Lee and Heck next introduce General Chen, one “of the leaders of a hostile Oriental nation,” “an enemy … whose troops have fought ours on the battlefield in Asia,” but who is allowed in New York to address the United Nations. Though Lee does not name Vietnam, readers would have recognized the allusion. The U.S. had deployed 184,300 troops in Vietnam in 1965, and was in the process of deploying 385,300 in 1966. U.S. casualties had risen from 216 in 1964 to 1,928 in 1965, and would reach 6,350 in 1966.

After surviving an apparent assassination attempt, Chen complains about the protestors: “They are probably members of the Sons of the Serpent!” In the following issue, he taunts a “special committee” that includes Senator Byrd: “America claims to be a land of freedom – and yet they allow the Sons of the Serpent to preach their doctrine of hatred and tyranny on every corner!”

Byrd: “You come from a land where countless thousands live in abject fear – where they may not speak, or read, or even think as they please! And you talk of freedom!”

Chen: “I will not trade epithets with you, Senator Byrd! When the world one day comes under our rule, we will know how to deal with the likes of you!”

Byrd: “The world will never follow your lead – not while one free man remains alive!”

Byrd is the only real-world character depicted in the two-issue story. He had served as a West Virginia senator since 1958, supporting segregation. He participated in an 83-day filibuster of the Civil Rights Act of 1964, before it passed 77 to 18. He would be one of only 11 senators to vote against Justice Thurgood Marshall’s Supreme Court nomination the following year.

Byrd had also been in the KKK, recruiting a local chapter of 150 members in 1941-2, before running for state delegate in 1946, the same year he wrote to the KKK’s Grand Wizard: “The Klan is needed today as never before, and I am anxious to see its rebirth here in West Virginia.” The year before Byrd complained that Truman was integrating the military: “Rather I should die a thousand times, and see old Glory trampled in the dirt never to rise again, than to see this beloved land of ours become degraded by race mongrels.” His KKK affiliation was revealed during his first run for Congress in 1952, but he apologized and won, explaining that he joined the Klan “because it was strongly opposed to communism.” (I’m pulling quotes from Eric Pianin’s “A Senator’s Shame” published in the Washington Post in 2005).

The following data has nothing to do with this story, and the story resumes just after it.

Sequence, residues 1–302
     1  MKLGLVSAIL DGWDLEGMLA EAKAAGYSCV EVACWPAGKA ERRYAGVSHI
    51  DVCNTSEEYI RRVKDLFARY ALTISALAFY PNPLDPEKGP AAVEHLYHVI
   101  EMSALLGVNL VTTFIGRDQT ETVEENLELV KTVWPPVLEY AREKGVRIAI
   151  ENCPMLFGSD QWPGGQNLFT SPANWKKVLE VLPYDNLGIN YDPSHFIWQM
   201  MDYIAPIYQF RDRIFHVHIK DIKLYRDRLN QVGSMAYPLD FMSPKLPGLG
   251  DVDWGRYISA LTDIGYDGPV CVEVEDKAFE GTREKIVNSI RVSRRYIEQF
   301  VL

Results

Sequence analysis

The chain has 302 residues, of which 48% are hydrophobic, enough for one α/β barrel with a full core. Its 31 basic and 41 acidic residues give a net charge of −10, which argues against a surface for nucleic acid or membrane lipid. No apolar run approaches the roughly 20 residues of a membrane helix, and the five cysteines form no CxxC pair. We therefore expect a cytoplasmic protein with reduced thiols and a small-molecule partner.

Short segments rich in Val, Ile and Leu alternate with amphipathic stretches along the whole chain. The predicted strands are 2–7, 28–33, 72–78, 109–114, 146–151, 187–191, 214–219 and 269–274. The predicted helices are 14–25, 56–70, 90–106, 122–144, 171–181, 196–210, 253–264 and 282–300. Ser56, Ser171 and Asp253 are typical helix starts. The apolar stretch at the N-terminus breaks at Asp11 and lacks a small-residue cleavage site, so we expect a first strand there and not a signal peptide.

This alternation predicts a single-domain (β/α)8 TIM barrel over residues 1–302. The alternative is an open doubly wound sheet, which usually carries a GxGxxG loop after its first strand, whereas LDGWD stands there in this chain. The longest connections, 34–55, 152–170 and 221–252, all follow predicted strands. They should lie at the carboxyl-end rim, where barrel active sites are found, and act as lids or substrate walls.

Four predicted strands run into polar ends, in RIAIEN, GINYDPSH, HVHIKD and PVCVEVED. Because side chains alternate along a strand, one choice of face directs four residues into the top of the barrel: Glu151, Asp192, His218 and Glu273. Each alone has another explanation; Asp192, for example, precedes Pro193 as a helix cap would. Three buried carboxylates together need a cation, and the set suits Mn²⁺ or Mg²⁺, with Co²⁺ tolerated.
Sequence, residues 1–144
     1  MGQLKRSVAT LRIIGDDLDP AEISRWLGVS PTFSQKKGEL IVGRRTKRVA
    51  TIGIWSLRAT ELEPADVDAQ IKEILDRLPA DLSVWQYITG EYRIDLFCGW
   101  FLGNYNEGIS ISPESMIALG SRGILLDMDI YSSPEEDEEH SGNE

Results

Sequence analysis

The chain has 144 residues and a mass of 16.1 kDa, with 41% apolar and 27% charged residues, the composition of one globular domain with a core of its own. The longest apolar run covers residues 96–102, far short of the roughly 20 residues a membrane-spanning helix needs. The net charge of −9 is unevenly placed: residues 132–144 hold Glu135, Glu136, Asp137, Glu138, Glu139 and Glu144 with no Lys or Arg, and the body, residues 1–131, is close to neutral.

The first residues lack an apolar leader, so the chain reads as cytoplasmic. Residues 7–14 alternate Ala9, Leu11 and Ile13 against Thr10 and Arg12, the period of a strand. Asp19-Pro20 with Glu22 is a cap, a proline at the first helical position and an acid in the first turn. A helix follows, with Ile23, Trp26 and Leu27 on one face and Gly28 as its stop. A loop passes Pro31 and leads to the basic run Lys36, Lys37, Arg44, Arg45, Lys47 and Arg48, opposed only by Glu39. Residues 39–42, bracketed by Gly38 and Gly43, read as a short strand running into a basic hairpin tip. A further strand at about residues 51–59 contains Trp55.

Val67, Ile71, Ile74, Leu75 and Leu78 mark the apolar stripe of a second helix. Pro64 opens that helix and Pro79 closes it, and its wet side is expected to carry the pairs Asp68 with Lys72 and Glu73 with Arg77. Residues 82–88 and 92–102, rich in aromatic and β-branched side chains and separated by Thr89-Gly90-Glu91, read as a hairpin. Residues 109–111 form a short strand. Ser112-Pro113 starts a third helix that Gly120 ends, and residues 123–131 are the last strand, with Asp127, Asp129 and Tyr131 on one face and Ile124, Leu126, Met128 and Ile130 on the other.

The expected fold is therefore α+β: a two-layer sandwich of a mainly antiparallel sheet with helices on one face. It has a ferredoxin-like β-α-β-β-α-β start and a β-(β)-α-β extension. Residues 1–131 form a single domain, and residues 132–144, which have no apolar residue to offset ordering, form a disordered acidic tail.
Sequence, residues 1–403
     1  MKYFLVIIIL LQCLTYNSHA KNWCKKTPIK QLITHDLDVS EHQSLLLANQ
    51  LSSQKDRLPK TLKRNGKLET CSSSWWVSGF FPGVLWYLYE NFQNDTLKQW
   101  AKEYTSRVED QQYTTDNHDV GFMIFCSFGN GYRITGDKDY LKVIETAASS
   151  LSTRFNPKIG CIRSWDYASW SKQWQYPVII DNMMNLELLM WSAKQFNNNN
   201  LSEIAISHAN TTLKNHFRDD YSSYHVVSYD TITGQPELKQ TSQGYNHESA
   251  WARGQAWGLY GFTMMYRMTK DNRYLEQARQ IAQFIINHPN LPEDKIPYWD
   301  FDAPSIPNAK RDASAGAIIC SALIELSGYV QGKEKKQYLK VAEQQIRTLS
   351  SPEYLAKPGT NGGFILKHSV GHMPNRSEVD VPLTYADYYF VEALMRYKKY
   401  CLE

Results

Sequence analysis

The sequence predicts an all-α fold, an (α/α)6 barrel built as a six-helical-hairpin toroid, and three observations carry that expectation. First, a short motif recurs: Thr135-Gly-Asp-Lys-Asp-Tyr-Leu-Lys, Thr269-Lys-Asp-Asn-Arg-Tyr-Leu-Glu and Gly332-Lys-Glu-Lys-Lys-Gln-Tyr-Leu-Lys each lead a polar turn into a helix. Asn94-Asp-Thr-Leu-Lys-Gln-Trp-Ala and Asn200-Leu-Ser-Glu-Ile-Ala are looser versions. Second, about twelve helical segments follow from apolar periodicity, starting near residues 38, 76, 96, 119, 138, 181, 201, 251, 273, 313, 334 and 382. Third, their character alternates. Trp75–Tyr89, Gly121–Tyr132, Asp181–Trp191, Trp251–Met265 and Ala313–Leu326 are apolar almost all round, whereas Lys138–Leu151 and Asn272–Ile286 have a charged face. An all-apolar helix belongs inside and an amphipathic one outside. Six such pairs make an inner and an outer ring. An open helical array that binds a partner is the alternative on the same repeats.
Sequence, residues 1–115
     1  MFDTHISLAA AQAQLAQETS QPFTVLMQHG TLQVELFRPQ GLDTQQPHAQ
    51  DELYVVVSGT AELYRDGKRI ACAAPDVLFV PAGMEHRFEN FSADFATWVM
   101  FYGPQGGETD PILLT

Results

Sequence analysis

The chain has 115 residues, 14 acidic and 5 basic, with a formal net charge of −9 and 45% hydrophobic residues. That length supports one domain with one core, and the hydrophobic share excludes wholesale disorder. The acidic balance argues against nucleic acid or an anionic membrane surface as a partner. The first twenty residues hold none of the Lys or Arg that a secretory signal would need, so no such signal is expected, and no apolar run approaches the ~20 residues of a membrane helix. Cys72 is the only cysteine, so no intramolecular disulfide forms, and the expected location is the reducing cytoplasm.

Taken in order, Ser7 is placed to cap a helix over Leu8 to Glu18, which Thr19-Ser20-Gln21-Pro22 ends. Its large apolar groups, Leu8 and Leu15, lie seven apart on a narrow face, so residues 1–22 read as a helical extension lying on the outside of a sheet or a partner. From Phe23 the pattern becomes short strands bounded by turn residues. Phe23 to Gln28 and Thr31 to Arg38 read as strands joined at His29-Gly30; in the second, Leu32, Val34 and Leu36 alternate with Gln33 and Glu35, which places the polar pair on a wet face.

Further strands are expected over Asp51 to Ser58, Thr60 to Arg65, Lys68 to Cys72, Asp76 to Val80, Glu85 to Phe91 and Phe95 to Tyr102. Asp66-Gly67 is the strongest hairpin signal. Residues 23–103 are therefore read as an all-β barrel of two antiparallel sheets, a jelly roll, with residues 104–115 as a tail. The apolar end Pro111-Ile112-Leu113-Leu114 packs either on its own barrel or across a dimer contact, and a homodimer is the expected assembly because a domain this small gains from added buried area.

Lee accordingly scripts Byrd seeing through Chen’s plan. He thinks: “The whole purpose of Chen’s visit here is to win a propaganda victory – and the Serpents are handing him one on a silver platter!”

Understanding the Sons of the Serpents as a thinly veiled representation of the Klan, Lee’s Byrd places opposition to communism ahead of loyalty to the Klan and so presumably also ahead of opposition to Civil Rights through a Klan mentality. The scene also reverses Hoover’s warning against Black activism as communist-supported, since it is the White supremacists who are, still apparently unintentionally, aiding the general’s communist cause.

After a convoluted plot involving the false appearance of the Avengers supporting the Sons of the Serpent, which prompts Foster to quit working for Goliath (“you can get yourself another boy –!”) and White public opinion to vacillate (“See? I told you the Serpents can’t be so bad – not if the Avengers themselves are behind ‘em!”), General Chen is unmasked as the Supreme Serpent on the final page.

A White bystander remarks: “And he almost got away with it! Why were we so blind – so gullible?”

Goliath offers a final lesson: “Beware of the man who sets you against your neighbor!”

Heck draws the face of a listening Black man as the most prominent element of the concluding panel.

Marvel’s first portrayal of apparent White supremacy is instead a communist plot to poison White Americans with racial antipathy. Though Mr. Gonzales is beaten for moving into an otherwise White community, and Bill Foster is beaten for walking through Goliath’s White neighborhood, the primary plot threat is to the body of the White population: “For, so long as their insidious poison can corrupt even one man, America will never be secure!”

The meaning of “man” in Stan Lee’s sentence is implicitly “White man,” since a non-White person would not be so susceptible to White supremacist beliefs, and by extension “America” is “White America,” then between 84% and 87% of the population, which must be made secure against communism. White supremacy then must be opposed, not because of its overt harm to its non-White victims, but because of its potential harm to its White supporters.  

On a side note, last week I also quoted the Marvel Database about this two-issue arc: “The plot twist at the end of this story is in extremely poor taste. Having a foreigner who had been a victim of racist violence be revealed to be the mastermind behind it all undercuts the presumed message of racial tolerance and quite literally blames the victim of racist violence for what happens to him. Hawkeye’s final comment (“Boy, if ever there was an undesirable alien, it’s him.) actually SUPPORTS the Sons of the Serpent’s racist attitudes. Even more unfortunately, it’s a plot twist that seems to get repeated whenever the Sons of the Serpent appear.”

Oddly, that Hawkeye comment is not in the issue. Also, the fictional communist general at first appears to have been attacked by the Sons of the Serpent not because he is a “foreigner,” but because he has been waging a war against U.S. soldiers in Vietnam. The “extremely poor taste” is instead at the deeper level of indifference to the two actual acts of racist violence against a Latino man and a Black man and the use of racial tolerance as a means of protecting White Americans. The unmasking “plot twist” though is repeated in the next two appearances of the Sons of the Serpent and without the complicating factor of an anti-communist message. (More on that another time.)